San Antonio psychiatrist questions motive in sniper shooting

Dr. Harry Croft examines post-traumatic stress disorder motive in fatal Navy Seal shooting


Dr. Harry Croft, author of the newly released I Always Sit With My Back To the Wall, is examining the motivations of the shooter who fired the deadly point-blank shots at Navy Seal sniper Chris Kyle over the weekend. 

He says the accused shooter was a Marine and would not fit the profile of a PTSD patient alone, especially since he allegedly killed a fellow veteran who was at the gun range offering help.

"Either it was drugs or alcohol or some sort of co-existing psychiatric illness, depression psychosis, manic episode, paranoid disorder, something in addition to his PTSD," said Croft.

He said a Marine would never shoot a veteran in the back, especially if help was being made available.

Kyle was a renowned sniper, but also worked to offer support to fellow PTSD sufferers, a job that is now believed to have put him in the crosshairs of the Eddie Routh in Erath County, Texas.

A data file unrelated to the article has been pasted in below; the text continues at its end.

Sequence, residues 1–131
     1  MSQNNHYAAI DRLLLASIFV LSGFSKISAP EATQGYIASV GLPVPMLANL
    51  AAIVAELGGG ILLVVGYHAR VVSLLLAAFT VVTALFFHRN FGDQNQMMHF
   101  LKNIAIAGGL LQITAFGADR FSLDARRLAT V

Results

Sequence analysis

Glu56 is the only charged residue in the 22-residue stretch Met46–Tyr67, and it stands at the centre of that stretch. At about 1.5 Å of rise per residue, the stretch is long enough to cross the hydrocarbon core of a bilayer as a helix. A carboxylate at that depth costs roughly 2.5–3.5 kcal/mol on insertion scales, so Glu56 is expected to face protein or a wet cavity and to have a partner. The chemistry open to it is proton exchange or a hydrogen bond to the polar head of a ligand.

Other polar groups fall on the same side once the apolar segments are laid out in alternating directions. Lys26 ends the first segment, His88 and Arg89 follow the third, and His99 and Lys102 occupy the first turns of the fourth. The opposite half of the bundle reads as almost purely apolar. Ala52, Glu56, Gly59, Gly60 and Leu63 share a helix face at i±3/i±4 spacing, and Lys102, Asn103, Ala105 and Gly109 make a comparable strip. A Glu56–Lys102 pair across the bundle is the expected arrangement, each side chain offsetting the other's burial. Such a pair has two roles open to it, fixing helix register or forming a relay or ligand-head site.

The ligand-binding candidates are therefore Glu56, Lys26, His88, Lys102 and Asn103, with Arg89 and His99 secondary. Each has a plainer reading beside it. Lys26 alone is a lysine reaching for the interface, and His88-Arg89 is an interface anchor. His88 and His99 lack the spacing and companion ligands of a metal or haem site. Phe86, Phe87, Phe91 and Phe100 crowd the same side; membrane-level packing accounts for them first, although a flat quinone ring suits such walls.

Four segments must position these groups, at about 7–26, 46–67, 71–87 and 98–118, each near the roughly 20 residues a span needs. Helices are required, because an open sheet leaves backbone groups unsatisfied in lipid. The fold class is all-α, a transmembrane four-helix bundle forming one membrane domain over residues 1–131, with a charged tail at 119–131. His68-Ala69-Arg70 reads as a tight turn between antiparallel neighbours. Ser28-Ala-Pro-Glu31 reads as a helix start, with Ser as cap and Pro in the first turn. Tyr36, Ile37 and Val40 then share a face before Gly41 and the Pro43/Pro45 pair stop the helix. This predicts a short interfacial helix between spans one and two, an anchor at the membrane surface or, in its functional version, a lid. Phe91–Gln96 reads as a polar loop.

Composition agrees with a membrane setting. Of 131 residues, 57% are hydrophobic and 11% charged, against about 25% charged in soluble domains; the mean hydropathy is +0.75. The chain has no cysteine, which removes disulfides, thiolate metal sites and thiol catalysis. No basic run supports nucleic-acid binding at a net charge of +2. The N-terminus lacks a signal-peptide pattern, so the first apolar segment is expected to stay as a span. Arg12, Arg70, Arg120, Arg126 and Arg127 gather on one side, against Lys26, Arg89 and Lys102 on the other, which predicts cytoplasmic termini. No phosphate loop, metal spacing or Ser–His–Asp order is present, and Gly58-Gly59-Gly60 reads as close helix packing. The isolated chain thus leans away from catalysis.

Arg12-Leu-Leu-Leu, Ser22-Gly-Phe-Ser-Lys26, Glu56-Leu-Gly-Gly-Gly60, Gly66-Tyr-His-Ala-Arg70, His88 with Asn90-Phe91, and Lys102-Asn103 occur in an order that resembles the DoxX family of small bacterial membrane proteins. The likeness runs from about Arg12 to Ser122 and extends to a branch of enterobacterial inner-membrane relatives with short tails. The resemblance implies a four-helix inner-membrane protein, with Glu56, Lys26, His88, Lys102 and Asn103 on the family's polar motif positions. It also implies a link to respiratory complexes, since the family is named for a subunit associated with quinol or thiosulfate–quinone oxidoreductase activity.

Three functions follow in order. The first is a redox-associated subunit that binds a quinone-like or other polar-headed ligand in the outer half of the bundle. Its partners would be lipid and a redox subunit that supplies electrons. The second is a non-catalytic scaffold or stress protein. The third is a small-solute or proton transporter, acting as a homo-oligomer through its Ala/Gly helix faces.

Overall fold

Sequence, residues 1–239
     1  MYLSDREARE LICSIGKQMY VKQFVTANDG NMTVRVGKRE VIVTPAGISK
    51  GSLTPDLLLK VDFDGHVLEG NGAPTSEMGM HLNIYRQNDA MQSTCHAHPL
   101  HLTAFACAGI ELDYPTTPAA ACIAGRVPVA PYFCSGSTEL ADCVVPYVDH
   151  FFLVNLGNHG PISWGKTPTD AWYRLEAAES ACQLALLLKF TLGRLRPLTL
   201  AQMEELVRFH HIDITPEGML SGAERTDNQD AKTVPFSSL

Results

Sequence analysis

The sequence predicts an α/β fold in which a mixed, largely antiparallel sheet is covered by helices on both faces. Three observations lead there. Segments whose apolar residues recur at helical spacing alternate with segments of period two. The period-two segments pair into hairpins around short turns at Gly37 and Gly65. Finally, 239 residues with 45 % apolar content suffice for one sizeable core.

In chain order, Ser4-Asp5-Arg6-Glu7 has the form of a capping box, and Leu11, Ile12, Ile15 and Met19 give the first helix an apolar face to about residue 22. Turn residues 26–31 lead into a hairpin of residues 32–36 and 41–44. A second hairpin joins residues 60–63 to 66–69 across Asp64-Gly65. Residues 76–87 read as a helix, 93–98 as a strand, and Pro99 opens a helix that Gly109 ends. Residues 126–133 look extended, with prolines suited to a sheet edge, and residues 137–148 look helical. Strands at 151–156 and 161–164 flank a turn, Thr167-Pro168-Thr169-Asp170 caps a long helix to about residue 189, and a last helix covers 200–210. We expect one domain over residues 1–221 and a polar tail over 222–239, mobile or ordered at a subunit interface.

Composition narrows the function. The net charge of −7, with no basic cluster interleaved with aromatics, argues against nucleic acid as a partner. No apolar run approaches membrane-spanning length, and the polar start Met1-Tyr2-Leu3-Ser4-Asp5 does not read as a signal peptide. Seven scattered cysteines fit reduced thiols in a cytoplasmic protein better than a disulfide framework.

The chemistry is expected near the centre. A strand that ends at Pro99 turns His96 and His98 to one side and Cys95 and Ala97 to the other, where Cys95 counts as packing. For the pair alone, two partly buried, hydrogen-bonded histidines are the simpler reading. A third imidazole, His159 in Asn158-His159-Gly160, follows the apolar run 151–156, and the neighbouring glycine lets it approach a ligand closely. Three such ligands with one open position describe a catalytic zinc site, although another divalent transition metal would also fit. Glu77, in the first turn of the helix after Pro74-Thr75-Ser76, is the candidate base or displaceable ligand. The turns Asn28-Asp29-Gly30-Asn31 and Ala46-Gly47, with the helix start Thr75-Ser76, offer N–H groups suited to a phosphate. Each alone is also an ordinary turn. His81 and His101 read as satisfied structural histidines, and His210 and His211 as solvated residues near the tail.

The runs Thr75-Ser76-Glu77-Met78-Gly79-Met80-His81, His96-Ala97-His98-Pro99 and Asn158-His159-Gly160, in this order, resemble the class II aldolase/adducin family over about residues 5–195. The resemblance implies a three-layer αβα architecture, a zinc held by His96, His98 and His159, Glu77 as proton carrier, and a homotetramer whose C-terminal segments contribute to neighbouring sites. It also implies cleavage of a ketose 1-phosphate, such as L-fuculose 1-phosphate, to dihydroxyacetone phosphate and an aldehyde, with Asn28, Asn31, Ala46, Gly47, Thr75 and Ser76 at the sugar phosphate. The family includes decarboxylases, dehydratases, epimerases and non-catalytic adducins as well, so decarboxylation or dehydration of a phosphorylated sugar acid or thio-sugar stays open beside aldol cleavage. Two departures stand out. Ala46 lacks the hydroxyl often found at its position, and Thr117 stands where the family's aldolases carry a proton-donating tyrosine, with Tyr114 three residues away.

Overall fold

Another man, Chad Littlefield, was also shot.

He is basing his opinion on more than 7,000 veterans that he has seen in his practice dating back 20 years.

Croft says although PTSD patients do have the potential to exhibit violent tendencies, it is usually limited to domestic violence at home, or to the patient themselves in the form of suicide.

"Agitation (or) irritability can be one of the symptoms of PTSD, but generally, it does not go to violence and certainly not to murder like this," he said.

Croft's book on the neurological disorder that can be brought about in combat situations deals with ways in which to manage PTSD through specific approaches for both the veteran and their family.

He says group therapy is most successful in turning back the paranoia and other symptoms.

He now worries that his work encouraging employers to hire PTSD veterans will be damaged by the murder, and the stigma associated with it will broaden.

"We need to be worried for people who suffer from PTSD," he said. "I don't think we need to be worried that they're going to do this. I think we need to be worried that society treats them right, that they get the help they need at the VA or where else and that they get the support they need."

For more information on the illness and Croft's work, visit www.drcroft.com.

About the Author: